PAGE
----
4 of 5 people found the following review helpful
on 7 December 2014
If you are interested in the way that our society feels about the eternal and present and how this has developed then this book is very interesting. Not necessarily and easy read - useful to have the dictionary handy and sometimes requiring a paragraph to be read several times to really absorb the meaning but I am sure that this reflects the way that James summarises what must be an even denser tome. Great at painting the picture and challenge and very thought provoking even though the so what do we do about it seems underdeveloped (by Charles Taylor) - but maybe this is for someone else to do.
3 of 4 people found the following review helpful
on 18 May 2015
Charles Taylor is a key author. His writing is lucid, clear and emotive - Id buy anything Taylor wrote and read it if u want to understand our present culture. No need for an intro beyond his own writing- especially one that is less clear!!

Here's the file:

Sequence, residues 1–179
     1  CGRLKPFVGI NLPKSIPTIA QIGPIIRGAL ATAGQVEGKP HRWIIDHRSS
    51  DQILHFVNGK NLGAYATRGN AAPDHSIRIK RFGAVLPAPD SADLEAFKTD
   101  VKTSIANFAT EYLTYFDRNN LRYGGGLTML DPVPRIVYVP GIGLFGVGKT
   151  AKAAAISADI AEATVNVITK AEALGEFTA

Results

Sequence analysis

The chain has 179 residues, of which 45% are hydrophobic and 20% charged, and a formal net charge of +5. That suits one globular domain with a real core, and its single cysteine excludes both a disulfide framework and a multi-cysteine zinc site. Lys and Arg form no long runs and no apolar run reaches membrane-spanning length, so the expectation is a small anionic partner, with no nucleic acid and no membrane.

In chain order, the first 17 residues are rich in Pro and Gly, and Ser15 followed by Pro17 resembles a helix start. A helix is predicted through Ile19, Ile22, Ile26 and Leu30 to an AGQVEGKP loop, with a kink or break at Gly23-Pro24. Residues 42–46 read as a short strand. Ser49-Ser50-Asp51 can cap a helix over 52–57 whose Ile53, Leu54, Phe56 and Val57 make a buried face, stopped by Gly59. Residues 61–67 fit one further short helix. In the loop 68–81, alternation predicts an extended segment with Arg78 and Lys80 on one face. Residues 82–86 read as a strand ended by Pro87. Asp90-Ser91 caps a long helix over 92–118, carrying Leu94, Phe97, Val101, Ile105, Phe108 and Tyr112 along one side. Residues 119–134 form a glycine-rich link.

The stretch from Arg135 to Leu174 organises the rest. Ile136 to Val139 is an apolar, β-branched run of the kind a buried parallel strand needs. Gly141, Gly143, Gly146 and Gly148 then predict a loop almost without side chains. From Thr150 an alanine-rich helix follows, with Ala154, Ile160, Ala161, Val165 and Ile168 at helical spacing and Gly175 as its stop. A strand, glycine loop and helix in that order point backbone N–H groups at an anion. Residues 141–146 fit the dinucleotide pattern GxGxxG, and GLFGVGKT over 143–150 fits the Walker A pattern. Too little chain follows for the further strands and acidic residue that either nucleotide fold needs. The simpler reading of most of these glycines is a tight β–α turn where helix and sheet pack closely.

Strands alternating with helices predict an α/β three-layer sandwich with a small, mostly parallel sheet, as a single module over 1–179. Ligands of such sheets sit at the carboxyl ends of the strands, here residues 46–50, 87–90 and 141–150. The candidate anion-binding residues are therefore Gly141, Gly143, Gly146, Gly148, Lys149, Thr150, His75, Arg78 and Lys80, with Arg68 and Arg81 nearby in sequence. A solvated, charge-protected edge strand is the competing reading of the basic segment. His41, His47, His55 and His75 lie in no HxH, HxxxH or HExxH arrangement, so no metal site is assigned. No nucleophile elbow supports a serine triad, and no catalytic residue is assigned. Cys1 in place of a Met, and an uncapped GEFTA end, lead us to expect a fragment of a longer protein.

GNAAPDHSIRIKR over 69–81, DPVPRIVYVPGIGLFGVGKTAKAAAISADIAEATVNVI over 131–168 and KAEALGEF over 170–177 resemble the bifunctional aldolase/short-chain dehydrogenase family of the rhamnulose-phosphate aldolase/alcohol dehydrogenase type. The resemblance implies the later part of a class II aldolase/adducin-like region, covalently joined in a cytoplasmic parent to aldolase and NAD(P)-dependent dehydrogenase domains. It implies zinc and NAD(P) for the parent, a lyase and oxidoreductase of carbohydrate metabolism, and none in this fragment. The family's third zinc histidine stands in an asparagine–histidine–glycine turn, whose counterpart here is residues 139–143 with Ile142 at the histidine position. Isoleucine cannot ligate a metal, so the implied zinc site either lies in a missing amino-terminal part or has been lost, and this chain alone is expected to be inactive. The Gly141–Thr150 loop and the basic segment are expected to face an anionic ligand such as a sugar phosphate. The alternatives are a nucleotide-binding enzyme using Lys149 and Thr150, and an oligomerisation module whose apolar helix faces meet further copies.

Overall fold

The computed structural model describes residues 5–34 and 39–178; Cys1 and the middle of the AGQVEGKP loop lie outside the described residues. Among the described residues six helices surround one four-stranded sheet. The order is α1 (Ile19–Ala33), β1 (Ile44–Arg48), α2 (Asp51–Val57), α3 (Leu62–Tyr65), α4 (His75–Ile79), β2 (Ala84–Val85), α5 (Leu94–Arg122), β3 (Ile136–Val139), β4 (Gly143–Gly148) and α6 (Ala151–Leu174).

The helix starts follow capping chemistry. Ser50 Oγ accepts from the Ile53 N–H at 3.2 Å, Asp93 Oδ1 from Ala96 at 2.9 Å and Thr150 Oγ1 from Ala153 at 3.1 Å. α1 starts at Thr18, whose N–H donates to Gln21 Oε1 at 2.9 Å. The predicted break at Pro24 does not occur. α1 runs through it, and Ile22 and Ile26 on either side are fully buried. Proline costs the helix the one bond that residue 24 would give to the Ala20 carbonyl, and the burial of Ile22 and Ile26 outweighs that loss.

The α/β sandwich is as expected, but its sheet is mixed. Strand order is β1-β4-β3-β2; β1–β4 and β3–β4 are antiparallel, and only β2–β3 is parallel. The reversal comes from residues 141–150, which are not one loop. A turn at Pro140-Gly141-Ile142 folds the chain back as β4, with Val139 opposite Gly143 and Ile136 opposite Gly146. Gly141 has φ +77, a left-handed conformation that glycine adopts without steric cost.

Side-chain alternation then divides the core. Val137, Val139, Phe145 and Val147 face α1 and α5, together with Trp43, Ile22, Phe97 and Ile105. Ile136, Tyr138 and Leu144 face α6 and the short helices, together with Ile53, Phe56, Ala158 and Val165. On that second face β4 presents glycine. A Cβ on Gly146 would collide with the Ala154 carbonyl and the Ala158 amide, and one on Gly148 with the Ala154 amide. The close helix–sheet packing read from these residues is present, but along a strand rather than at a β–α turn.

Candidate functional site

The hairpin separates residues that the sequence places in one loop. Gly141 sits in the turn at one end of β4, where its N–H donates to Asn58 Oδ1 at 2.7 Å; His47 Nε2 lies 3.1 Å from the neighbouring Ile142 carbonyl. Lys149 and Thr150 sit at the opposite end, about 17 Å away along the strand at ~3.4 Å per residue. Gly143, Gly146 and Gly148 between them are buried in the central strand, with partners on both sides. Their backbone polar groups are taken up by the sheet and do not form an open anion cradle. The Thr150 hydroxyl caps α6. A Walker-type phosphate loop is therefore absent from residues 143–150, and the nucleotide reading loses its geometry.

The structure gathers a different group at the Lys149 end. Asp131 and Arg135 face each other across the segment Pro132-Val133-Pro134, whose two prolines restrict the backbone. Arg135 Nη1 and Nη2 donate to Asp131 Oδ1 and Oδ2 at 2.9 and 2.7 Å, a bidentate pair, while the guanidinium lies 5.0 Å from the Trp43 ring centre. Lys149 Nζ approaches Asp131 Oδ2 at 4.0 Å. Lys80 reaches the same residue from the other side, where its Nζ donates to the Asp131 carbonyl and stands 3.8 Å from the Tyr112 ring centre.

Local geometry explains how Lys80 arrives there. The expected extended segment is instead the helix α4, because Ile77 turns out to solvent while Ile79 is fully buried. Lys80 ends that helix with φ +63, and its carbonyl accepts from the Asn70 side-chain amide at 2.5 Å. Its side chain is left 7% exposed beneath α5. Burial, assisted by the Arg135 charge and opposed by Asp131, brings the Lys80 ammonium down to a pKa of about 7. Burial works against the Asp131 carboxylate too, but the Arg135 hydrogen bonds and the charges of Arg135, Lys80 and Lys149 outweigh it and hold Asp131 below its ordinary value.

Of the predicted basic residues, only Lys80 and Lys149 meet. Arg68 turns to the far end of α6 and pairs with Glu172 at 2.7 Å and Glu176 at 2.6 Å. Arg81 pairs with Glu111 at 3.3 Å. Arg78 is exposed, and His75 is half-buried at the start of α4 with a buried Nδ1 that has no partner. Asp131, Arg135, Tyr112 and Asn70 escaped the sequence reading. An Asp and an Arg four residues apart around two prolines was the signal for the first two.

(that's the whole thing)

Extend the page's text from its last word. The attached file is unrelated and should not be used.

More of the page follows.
4 of 7 people found the following review helpful
on 24 June 2014
I had heard Taylor was a demanding read for non specialists like myself but someone with invaluable insights. Decided therefore to read this introduction first.
That was unwise. This book did nothing to elucidate that complexity and I wish I hadn't bought it. Fortunately it has not put be off my quest.
I apologise if thus sounds unfair. It may well be of use to young students. But in old and should have remembered there's no substitute for the real thing.